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Tuesday 17th November 2015, 5-6.30 pm
Cass School of Education and Communities Building ED4.02, UEL Stratford Campus
Seminar title: Varieties of Academic Capitalism
Seminar speaker: Professor Bob Jessop (Distinguished Professor of Sociology, Lancaster University)
Convenor: Dr. Terri Kim (t.c.kim@uel.ac.uk)

Abstract: 
Where the recent literature on academic capitalism goes beyond a simple assessment of who governs universities and research institutions to link this phenomenon to an account of the dynamics of capital accumulation, it tends to assume that capitalism involves a rational orientation to the maximization of profit or revenue and is based on increasing the role of market forces in all areas of social life. This latter approach fits with the neoclassical approach in economic analysis, with the more general interest of heterodox economics in profit-oriented, market-mediated accumulation, and with Weber's definition of rational capitalism as an orientation to gain based on trade in free markets and the rational organization of capitalist production based on double-entry book-keeping. However, Weber also distinguished another kind of rational capitalism (financial speculation), three kinds of political capitalism (based on profits gained through force and domination, through predatory activities, and through unusual deals with political authority), and traditional commercial capitalism (Swedberg 1998). In this article, I deploy Weber's six-fold categorization of orientations to gain or profit to explore different dimensions of the orientation to profit in universities and advanced research institutions.

The topics covered are: (1) academic capitalism and types of orientation to profit; (2) the influence of neoliberalism, which is closely tied to political capitalism, despite its rhetoric, and relies on the use of political as well as market power to prioritize exchange-value over use-value in the economy and other areas of social life; and (3) the implications of different kinds of orientation to profit for the operations of the HE system and for universities as organizations in some of their core functions for society (certification, research, and critique) and in terms of their insertion into the circuits of productive, commercial and financial  capital. Based on the analysis of aggregated data about higher education in the USA, UK, France, Germany, Japan, and China, the article will also consider differences among national systems, and their integration into the global higher education system.
 
Bio note:
Bob Jessop is a Distinguished Professor of Sociology at the University of Lancaster. After completing his PhD in Cambridge he has been working as a Research Fellow in Social and Political Sciences at Downing College, Cambridge, and as a researcher and teacher at the Department of Government at the University of Essex. From 2010 to 2013, he held a ESRC Research Professorship funded by the European Union. His work includes numerous books on state theory, globalisation, and the economy of culture, such as The Capitalist State (1982), The Future of the Capitalist State (2002), and Towards Cultural Political Economy: Putting Culture in its Place in Political Economy (2013, with Ngai-Ling Sum). His book Beyond the Regulation Approach: Putting the Capitalist Economy in its Place (2006, together with Ngai-Ling Sum) won the Gunnar Myrdal Prize of the European Association for Evolutionary Political Economy for the best book on political economy published in that year. His interests also include the analysis of economic and political imaginaries, involving work on the knowledge-based economy and finance-dominated accumulation.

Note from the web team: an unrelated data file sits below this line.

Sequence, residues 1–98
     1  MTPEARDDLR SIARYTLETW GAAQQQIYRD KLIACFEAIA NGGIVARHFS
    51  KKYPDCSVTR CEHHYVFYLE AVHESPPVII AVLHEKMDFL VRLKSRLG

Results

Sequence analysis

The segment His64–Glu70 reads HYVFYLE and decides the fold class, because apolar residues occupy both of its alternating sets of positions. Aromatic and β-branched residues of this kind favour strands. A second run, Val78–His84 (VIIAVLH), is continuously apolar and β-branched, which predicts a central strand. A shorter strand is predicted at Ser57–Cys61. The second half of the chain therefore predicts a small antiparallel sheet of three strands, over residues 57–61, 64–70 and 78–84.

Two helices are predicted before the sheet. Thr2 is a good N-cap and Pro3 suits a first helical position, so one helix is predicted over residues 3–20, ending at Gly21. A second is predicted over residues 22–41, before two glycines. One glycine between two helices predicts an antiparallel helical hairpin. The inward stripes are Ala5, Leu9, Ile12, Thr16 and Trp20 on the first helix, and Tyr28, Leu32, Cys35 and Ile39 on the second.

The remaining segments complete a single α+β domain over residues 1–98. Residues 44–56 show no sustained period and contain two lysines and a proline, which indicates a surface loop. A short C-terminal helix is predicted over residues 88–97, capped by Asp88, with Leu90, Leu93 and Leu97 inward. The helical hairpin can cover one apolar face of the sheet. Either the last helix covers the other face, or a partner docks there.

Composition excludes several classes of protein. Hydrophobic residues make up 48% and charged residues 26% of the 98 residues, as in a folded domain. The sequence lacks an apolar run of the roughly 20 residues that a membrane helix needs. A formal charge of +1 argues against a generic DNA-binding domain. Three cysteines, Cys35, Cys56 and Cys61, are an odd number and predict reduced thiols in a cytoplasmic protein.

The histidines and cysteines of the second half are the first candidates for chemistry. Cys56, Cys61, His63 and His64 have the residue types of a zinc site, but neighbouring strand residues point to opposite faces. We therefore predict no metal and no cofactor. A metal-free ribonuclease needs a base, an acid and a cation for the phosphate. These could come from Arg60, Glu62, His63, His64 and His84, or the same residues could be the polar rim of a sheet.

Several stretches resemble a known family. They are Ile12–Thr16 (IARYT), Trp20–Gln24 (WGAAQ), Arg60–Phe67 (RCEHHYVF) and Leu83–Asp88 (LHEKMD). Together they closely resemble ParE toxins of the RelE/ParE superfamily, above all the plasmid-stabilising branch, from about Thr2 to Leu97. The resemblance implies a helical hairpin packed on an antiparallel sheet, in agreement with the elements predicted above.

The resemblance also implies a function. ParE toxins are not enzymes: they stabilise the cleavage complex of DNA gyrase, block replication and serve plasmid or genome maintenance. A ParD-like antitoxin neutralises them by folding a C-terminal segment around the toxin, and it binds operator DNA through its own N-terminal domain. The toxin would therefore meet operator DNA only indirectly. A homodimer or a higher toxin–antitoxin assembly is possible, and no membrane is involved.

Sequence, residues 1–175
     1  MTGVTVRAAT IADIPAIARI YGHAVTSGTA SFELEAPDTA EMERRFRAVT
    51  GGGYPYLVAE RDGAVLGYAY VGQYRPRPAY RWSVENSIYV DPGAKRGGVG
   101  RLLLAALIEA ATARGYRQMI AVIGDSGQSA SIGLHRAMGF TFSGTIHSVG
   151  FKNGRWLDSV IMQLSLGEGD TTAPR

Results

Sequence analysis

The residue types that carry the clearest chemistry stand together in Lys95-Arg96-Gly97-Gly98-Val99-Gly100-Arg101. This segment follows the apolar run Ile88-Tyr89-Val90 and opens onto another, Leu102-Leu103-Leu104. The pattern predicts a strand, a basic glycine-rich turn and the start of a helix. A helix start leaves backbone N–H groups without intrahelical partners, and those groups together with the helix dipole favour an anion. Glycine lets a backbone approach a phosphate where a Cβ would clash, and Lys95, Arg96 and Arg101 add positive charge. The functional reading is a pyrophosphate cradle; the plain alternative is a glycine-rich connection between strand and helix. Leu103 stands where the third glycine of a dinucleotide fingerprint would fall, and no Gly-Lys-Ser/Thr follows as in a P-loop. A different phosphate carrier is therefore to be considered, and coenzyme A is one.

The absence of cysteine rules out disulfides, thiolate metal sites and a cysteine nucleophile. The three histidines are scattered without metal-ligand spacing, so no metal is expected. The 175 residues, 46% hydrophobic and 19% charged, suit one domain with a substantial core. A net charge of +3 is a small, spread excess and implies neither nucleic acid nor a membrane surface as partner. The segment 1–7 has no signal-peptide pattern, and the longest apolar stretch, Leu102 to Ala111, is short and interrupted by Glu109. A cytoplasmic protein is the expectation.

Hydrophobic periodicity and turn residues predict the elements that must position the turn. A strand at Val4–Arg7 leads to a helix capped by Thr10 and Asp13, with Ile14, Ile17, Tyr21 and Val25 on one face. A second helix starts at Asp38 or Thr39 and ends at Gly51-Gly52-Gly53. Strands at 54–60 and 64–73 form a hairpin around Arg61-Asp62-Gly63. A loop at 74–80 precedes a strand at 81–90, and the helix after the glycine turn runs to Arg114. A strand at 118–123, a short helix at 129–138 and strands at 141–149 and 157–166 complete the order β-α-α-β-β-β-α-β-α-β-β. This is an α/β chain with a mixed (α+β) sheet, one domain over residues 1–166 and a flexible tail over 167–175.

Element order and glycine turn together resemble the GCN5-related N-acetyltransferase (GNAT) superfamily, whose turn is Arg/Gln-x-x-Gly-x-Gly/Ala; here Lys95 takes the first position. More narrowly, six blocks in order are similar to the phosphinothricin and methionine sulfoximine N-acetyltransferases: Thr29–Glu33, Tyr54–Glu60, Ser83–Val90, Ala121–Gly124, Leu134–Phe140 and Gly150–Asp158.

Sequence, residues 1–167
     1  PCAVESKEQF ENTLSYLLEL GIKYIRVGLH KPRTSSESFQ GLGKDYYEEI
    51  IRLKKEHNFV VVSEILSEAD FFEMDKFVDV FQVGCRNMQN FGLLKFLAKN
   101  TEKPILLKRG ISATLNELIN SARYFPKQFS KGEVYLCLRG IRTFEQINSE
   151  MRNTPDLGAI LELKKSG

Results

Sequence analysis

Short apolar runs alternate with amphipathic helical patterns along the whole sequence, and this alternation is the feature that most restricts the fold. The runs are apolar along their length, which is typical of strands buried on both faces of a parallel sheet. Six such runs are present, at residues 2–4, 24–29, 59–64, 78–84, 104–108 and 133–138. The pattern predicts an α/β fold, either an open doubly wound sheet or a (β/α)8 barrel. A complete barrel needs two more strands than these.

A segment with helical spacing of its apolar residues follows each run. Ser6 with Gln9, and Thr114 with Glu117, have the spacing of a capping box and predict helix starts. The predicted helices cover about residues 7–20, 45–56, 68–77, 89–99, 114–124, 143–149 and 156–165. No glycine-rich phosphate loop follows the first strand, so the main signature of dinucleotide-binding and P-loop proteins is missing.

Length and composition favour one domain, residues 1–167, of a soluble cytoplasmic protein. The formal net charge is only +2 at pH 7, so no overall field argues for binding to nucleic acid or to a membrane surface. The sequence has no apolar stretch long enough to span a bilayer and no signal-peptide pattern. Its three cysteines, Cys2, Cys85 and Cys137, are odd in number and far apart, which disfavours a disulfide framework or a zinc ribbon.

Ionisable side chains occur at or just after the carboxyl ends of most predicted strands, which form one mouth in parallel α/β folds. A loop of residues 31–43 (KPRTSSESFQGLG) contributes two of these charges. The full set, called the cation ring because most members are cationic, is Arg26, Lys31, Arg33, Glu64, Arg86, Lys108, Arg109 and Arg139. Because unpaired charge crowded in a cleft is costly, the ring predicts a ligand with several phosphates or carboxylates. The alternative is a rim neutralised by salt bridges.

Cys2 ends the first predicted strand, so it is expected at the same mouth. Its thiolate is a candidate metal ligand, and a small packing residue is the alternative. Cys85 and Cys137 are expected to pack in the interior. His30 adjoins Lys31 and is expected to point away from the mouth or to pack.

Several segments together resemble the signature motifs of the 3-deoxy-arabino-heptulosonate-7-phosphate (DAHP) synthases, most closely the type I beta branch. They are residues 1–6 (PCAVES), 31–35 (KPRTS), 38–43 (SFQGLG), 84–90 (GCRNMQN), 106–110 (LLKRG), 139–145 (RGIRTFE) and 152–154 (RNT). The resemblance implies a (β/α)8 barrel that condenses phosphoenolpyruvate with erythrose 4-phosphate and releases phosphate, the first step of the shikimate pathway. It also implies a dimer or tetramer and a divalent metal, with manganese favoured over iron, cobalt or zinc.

Wednesday 27th January 2016, 5-6.30 pm
Seminar Speaker: Professor Gary McCulloch (Head of Department of Humanities and Social Sciences (HSS), Brian Simon Professor of History of Education, UCL Institute of Education, University College London)
Convenor: Dr. Terri Kim (t.c.kim@uel.ac.uk)

Abstract:
This paper explores the nature of interdisciplinary approaches to educational studies, and the contributions made by the different disciplines in relation to these, with particular reference to the historical experience of the United Kingdom. It also addresses the nature, significance and impact of interdisciplinarity in defining common problems in education in a changing educational, social and political context. These aims raise significant prior issues of definition about what we mean by disciplinarity and interdisciplinarity, and also about the social construction of ‘educational studies’. They have a great deal of potential for enhancing our understanding of this field - its past, its present and indeed its future – and for promoting its contribution to education and the wider society. 

Bio note:
Professor Gary McCulloch is the Brian Simon Professor of the History of Education at UCL Institute of Education. He is the head of the International Centre for Historical Research in Education (ICHRE) at the IOE, convenor of the British Educational Research Association History special interest group, and Editor of the British Journal of Educational Studies. His recent publications include The Struggle for the History of Education and (with Tom Woodin and Steven Cowan) Secondary Education and the Raising of the School Leaving Age.